DA to push for changes to JSC composition to ensure confidence in judicial independence
The lack of sufficient suitable applications for judicial vacancies occurs at a time when the judiciary is increasingly under pressure from the governing party to "co-operate" with the executive, rather than perform its constitutional mandate of adjudicating on executive action and legislation without fear or favour.
We believe that the lack of interest from the legal fraternity in applying is because prospective candidates believe that the ANC-stacked Judicial Service Commission (JSC) is unlikely to give candidates a fair and equal chance of selection.
The Democratic Alliance (DA) will propose amendments to the composition of the JSC, if possible whilst dealing with the 17th Constitutional Amendment Bill, currently before the Justice Portfolio Committee. We will push for fewer political appointees, in favour of more people from the judicial and legal fraternity.
The DA has for some time now expressed our concern that the composition of the JSC is too open to political manipulation, with 12 out of the 23 JSC members currently being either ANC politicians or appointees of the President.
Over the last few years, the JSC has failed to inspire confidence among members of the public and the legal fraternity that they are acting in the best interests of an independent judiciary. In fact, quite the contrary.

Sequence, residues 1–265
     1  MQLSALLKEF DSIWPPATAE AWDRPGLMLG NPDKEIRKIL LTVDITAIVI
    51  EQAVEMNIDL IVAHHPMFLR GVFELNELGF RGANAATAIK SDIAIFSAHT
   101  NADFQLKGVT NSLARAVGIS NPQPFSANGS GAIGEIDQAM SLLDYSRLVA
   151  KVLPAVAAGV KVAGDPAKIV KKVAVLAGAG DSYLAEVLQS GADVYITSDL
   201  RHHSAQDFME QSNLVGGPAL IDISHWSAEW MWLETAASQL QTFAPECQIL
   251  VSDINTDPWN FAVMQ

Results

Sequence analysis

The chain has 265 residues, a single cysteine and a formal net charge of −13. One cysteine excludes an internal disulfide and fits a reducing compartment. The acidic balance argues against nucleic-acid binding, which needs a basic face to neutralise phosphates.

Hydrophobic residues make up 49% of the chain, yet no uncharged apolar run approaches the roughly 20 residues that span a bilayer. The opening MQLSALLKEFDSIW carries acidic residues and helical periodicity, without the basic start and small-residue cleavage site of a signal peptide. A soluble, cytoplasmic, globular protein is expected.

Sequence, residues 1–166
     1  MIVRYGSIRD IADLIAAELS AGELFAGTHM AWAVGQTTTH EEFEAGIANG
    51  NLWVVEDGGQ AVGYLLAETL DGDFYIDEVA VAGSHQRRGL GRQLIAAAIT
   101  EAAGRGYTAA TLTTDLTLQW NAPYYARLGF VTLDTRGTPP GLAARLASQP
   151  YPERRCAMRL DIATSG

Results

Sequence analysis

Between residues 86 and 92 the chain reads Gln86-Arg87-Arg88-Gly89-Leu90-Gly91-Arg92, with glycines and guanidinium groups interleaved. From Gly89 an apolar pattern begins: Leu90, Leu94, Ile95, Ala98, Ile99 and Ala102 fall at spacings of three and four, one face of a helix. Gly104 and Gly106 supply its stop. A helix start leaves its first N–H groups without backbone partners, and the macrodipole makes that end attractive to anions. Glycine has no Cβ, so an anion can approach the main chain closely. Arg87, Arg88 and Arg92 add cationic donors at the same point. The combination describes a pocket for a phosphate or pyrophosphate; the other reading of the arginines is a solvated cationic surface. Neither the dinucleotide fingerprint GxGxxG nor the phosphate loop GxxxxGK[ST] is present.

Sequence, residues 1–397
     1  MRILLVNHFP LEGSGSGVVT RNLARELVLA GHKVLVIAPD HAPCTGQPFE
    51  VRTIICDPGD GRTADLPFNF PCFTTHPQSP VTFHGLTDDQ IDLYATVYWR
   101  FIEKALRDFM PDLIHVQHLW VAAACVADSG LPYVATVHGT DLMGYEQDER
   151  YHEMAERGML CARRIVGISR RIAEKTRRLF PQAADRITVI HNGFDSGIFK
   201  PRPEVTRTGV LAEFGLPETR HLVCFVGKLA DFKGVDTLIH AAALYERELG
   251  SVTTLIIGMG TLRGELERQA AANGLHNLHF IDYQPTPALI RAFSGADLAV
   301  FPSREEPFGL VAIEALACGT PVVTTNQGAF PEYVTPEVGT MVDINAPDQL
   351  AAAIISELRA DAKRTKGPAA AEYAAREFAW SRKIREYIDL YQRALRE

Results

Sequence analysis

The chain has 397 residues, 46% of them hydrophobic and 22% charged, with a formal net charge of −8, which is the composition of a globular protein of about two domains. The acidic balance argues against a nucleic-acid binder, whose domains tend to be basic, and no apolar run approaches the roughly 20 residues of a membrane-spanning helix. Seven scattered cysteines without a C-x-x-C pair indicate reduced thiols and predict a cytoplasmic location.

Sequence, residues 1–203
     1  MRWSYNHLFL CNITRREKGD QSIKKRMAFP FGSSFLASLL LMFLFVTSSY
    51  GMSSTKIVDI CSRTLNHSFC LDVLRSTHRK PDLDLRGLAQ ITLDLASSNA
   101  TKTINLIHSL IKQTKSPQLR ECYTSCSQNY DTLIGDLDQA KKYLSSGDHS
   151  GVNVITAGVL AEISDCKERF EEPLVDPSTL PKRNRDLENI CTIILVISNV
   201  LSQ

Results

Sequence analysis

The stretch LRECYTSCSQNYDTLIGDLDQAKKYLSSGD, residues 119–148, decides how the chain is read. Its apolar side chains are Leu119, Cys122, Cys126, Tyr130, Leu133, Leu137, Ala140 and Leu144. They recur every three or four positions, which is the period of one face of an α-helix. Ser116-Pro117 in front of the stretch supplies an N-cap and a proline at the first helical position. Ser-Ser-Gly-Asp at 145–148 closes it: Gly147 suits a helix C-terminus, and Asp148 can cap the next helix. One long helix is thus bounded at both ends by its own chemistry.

Two of their decisions have recently been overturned; the case of Premier of the Western Cape versus the JSC, and the recent case of the Cape Bar Council versus the JSC. Moreover, the type of questioning of candidates over the last few years, interrogating people for their religious beliefs and race, for example, have clearly had the effect of deterring good candidates from making applications, as they are not prepared to subject themselves to this.
The lack of faith in the process of judicial selection is clearly illustrated by the fact that the JSC will sit in April to interview shortlisted candidates. None, however, have been shortlisted for the Constitutional Court and the Electoral Court because of insufficient appropriate applications.
These two courts are, of course, pivotal to the preservation of our constitutional democracy. The Electoral Court must adjudicate disputes relating to alleged unfair election practices. The Constitutional Court is the highest court in all constitutional matters, and may become the highest court in all matters after the finalisation of the 17th Constitutional Amendment and Superior Courts Bills. These should be positions to which judicial officers aspire.
When candidates do not have faith in the selection process, it has the potential of dissuading independent people from applying, thus limiting the pool of candidates from which judicial officers are chosen to those who are more executive minded.
It is vital that judges of the highest calibre and integrity are appointed to all courts. If the ANC truly believes in the independence of the judiciary, its members will have no reason to oppose this move.
Statement issued by Debbie Schafer MP, DA Shadow Deputy Minister of Justice and Constitutional Development, March 11 2012
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